From Corporate Sources
American Plastics Council
1275 K St. N.W., Suite 400
Washington, D.C. 20005
Science teachers. To keep middle-level science teachers informed of the latest classroom technology: $10,000 to the National Middle Level Science Teachers Association, St. Louis, Mo.
International Business Machines Corp.
Armonk, N.Y. 10504
School-to-work. To enable students to learn at their own pace using computer-based instruction: $122,000 to Jobs for Youth, Boston, Mass.
The Prudential Foundation
751 Broad St.
Newark, N.J. 07102
Education improvement. To strengthen the quality of education in the Newark Public Schools: $1 million to the Newark Fund for Excellence in Public Education, Newark, N.J.
Violence prevention. To implement a comprehensive school-based violence-prevention program in five schools: $400,000 (over three years) to the Atlanta (Ga.) Public Schools.
Violence prevention. To implement a comprehensive school-based violence-prevention program in five Atlanta public schools: $14,500 to 100 Black Men of Atlanta (Ga.).
Toshiba America Foundation
1251 Ave. of the Americas
New York, N.Y. 10020
Interactive classrooms. To provide 16,200 middle and high school students with the opportunity to explore scientific phenomena: $20,350 to the Exploratorium, San Francisco, Calif.
Mathematics and science. To enhance science and math education for 500 high school students: $7,500 to Federal Hocking High School, Stewart, Ohio.
Mathematics and science. To enhance learning opportunities in math and science for 60 seriously and educationally handicapped boys, ages 10-18: $7,400 to the Emily Griffith Center, Castle Rock, Colo.
Mathematics, science, and technology. To encourage 7th- and 8th-grade girls to pursue math, science, and technology in a "Global Lab Project": $6,950 to Jack C. Jordan Middle School, San Antonio, Texas.
Mathematics, science, and technology. To facilitate student learning for 50 middle school students by integrating math, science, and technology: $10,000 to Communities in Schools, Dallas, Texas.
Science. To help improve science education for 575 students in grades 10-12: $9,650 to the Mitchell School District #17-2, Mitchell, S.D.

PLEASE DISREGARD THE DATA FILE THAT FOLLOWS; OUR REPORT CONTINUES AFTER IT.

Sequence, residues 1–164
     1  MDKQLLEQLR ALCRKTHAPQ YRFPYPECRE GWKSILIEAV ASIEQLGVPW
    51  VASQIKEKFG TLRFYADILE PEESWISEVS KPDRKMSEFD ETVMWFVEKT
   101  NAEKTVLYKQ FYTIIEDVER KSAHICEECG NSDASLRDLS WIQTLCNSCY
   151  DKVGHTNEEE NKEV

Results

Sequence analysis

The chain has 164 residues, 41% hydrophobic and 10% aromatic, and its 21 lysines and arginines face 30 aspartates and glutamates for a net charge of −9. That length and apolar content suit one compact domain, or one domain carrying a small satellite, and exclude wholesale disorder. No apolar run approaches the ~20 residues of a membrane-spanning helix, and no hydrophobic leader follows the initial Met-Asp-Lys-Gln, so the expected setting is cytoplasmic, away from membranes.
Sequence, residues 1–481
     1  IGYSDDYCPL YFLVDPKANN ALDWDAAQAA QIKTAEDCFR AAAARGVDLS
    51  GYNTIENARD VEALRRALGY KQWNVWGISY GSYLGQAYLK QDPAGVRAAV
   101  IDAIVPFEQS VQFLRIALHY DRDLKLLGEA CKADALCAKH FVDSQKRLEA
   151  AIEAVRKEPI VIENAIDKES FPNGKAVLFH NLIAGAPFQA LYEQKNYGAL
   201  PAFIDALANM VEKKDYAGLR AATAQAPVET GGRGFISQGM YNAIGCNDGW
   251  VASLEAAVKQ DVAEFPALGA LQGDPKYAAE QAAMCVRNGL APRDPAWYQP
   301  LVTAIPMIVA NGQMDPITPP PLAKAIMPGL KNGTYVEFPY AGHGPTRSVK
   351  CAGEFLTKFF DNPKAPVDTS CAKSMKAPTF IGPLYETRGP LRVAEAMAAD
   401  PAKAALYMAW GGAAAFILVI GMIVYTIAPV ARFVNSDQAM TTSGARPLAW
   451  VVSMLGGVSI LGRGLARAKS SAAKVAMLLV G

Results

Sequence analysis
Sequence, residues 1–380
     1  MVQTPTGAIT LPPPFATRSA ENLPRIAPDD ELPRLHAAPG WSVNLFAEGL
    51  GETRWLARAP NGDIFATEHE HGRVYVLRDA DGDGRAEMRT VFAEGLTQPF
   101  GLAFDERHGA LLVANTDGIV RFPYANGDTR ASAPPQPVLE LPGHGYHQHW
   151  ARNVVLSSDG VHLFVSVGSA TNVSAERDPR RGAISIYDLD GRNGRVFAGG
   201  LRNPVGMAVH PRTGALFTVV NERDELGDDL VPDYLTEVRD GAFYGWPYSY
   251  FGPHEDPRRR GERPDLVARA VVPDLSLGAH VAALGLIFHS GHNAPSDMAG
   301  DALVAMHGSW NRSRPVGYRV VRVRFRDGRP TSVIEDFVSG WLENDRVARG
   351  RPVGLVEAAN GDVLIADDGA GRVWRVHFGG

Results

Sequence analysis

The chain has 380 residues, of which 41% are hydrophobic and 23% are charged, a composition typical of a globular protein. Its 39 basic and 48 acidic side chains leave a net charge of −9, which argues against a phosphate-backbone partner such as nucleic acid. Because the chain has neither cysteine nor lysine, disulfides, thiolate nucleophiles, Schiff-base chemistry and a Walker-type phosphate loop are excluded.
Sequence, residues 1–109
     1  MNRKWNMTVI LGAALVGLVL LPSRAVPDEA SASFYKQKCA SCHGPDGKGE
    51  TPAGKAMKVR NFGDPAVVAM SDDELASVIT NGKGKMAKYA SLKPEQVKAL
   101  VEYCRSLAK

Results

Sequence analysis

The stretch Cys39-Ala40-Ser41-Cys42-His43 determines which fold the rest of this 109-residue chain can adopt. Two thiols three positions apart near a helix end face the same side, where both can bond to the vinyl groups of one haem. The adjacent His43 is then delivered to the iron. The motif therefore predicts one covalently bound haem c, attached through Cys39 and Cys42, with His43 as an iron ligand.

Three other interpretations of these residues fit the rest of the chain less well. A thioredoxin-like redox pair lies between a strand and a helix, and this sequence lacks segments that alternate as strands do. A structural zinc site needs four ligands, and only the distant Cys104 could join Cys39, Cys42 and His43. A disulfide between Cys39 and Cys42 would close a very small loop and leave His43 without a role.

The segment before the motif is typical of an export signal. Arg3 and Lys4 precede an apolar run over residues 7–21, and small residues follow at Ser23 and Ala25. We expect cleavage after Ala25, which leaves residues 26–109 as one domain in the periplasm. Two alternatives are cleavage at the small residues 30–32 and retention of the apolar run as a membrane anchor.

Science. To teach 525 7th graders marine biology, coastal ecology, and science technology: $8,950 to the Aquarium for Wildlife Conservation, Brooklyn, N.Y.
Science. To allow 300 students to investigate the ethical, legal, and social issues related to molecular biology: $15,000 to the San Francisco (Calif.) Unified School District.
Science. To help 150 high school students learn science concepts by engaging them in hands-on visualization: $10,980 to Butte (Mont.) Central High School.
Science. To introduce 250 junior and senior students to physical science: $10,280 to Cypress Creek High School, Houston, Texas.
Science. To improve life- and physical-science courses for 320 high school students by integrating two multimedia laserdisc libraries into the curriculum: $5,180 to Shoreham-Wading River High School, Shoreham, N.Y.
Science. To enrich the science curriculum for 70 8th graders by integrating earth, life, and physical science: $4,900 to Clio School, Clio, S.C.
Science. To provide equipment to improve anatomy and physiology classes for students in grades 9-12: $2,800 to St. Joseph High School, Brooklyn, N.Y.
Science. To provide 130 junior and seniors with the opportunity to examine and manipulate real data from a natural environment: $3,950 to the Dalton School, New York City.
Science. To enable 48 regional teams to participate in the Exploravision Awards program: $50,000 to the National Science Teachers Association, Arlington, Va.